Rebecca Oshiro, MS, CN, Arivale Coach
There’s a new best diet for 2019 – at least according to one group of experts. But, eaters take note: this year’s top diet isn’t without its drawbacks, especially for people looking to lose weight in the New Year.
2019’s Best Diet
Every year, a panel of experts put together by US News and World Reports reviews popular diets across a variety of categories and comes out with its “best diet” recommendations. In 2018, the top spot was a tie between the Mediterranean and DASH diets.
In 2019, the Mediterranean diet alone holds the top spot, followed by DASH at number two and a “flexitarian” diet at number three. The Mediterranean diet was also named the “Best Diabetes Diet,” “Best Diet for Healthy Eating,” “Best Plant-Based Diet,” “Best Heart-Healthy Diet,” and “Easiest Diet to Follow.”
As noted in a CNN story about the new diet ratings, what the top three diets have in common is a focus on minimally processed foods – especially fruits, vegetables, whole grains, and legumes – and flexibility, which includes recognizing that occasional indulgences – be that a dessert or glass of wine – are important in a healthy dietary pattern. Being overly rigid about food rules and restrictive about choices can lead to unhealthy behaviors and is a set-up for yo-yo dieting.
We agree the Mediterranean diet is an overall healthy diet choice for most people. In addition to the heart and diabetes benefits highlighted by US News and World Reports, the Mediterranean diet is part of the basis of the “MIND” diet, which has been shown to have benefits for age-related cognitive decline.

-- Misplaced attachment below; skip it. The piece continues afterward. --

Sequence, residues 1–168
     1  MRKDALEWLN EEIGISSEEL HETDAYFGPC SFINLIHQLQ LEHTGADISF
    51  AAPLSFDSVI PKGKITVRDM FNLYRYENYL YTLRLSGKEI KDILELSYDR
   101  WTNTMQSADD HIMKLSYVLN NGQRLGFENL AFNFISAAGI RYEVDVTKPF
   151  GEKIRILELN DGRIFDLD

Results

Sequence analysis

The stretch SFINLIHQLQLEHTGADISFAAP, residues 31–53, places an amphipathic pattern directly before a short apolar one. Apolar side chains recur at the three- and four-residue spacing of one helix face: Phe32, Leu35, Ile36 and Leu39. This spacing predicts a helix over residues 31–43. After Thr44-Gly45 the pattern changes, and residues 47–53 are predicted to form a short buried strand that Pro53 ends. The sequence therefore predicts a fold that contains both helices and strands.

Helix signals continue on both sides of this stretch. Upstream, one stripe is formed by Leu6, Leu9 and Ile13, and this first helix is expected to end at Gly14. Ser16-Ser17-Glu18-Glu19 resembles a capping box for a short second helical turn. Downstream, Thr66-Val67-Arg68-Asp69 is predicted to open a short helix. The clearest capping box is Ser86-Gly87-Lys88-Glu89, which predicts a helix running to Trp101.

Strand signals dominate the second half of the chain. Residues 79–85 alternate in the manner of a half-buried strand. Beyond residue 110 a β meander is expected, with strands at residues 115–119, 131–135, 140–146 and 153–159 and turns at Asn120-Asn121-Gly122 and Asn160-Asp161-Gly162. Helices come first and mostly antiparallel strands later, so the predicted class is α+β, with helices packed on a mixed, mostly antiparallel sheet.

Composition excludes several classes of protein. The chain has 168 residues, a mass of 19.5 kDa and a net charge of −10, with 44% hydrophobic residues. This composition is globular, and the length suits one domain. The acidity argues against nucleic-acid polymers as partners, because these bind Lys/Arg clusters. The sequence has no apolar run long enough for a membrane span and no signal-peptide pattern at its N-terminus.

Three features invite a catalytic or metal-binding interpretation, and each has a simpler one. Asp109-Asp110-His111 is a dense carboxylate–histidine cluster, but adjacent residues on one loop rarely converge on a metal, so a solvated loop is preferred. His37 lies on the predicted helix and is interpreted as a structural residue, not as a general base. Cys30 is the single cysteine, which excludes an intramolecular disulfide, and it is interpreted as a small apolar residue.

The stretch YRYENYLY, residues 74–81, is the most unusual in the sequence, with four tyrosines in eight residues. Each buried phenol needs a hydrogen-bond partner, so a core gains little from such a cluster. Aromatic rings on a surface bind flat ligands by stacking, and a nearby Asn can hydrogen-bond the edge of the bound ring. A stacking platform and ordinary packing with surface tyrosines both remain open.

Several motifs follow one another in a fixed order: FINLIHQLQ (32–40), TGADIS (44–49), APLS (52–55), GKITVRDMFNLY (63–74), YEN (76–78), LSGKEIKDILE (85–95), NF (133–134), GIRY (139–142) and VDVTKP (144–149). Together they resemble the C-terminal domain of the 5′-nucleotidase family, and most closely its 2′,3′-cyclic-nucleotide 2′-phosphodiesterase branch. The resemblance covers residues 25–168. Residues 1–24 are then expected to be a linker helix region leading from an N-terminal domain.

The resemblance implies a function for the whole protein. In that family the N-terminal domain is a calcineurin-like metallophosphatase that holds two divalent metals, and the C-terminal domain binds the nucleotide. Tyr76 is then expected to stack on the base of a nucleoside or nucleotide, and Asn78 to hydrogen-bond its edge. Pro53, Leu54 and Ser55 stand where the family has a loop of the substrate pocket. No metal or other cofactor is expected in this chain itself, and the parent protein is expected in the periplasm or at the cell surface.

However, there are a couple caveats when it comes to the Mediterranean diet.
First, it didn’t make the top 10 list for weight-loss diets – and there’s a good reason for that. All that olive oil that’s part of a traditional Mediterranean diet is high in calories and can undermine weight loss.
Fortunately, if your goal is to lose weight and you’re interested in the other benefits of a Mediterranean diet, there’s a simple solution: implement a Mediterranean diet but strictly limit your olive oil intake. Use non-stick cookware or cooking sprays in place of olive oil when cooking, and season your food with herbs and spices rather than adding a lot of oil. That way you’ll still get all the heart and brain benefits of the Mediterranean diet without the added calories. Plus, because minimally processed foods are so filling, you’ll feel less hungry and have an easier time sticking to a reduced-calorie plan.
The second caveat is the alcohol in a traditional Mediterranean diet. While moderate intake of alcohol has been shown in some studies to be heart-healthy, other studies suggest more caution is needed. And if you’re working on weight loss, alcohol is another source of empty calories that can make following a reduced-calorie plan difficult. For those adopting the Mediterranean diet for brain health, it’s important to note that while moderate alcohol intake may have a preventive effect, once there’s any sign of Mild Cognitive Impairment studies show alcohol should be avoided.
The bottom line when it comes to overall healthy diets is simple: keep it minimally processed and mostly plant-based while allowing flexibility and the occasional indulgence. There are many healthy diet plans that meet these goals: Mediterranean, DASH, flexitarian, vegetarian, MIND, and others. The key is to choose a plan that works with your lifestyle so you can follow it for the long-term.
- Have Benefits of Mediterranean Diet Been Overstated?
- The Science and Myths of Fat in Your Diet
- How to Choose a Diet That Works for You
[Arivale Hot Topics address health stories currently in the news. The Arivale Clinical Team’s commentary on these news articles is not a review of the scientific evidence, nor an endorsement of a specific study, and is not meant as official medical opinion.]